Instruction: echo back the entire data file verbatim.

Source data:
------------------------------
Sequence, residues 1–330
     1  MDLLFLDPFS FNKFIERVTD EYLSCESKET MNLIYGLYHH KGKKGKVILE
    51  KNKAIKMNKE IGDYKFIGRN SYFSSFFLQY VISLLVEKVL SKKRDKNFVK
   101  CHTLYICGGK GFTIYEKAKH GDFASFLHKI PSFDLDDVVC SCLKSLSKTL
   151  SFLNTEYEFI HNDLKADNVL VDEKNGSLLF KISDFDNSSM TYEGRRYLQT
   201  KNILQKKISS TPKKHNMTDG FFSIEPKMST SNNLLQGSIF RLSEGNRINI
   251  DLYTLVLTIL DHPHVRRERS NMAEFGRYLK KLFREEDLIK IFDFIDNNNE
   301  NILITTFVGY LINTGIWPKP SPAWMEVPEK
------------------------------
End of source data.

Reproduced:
Sequence, residues 1–330
     1  MDLLFLDPFS FNKFIERVTD EYLSCESKET MNLIYGLYHH KGKKGKVILE
    51  KNKAIKMNKE IGDYKFIGRN SYFSSFFLQY VISLLVEKVL SKKRDKNFVK
   101  CHTLYICGGK GFTIYEKAKH GDFASFLHKI PSFDLDDVVC SCLKSLSKTL
   151  SFLNTEYEFI HNDLKADNVL VDEKNGSLLF KISDFDNSSM TYEGRRYLQT
   201  KNILQKKISS TPKKHNMTDG FFSIEPKMST SNNLLQGSIF RLSEGNRINI
   251  DLYTLVLTIL DHPHVRRERS NMAEFGRYLK KLFREEDLIK IFDFIDNNNE
   301  NILITTFVGY LINTGIWPKP SPAWMEVPEK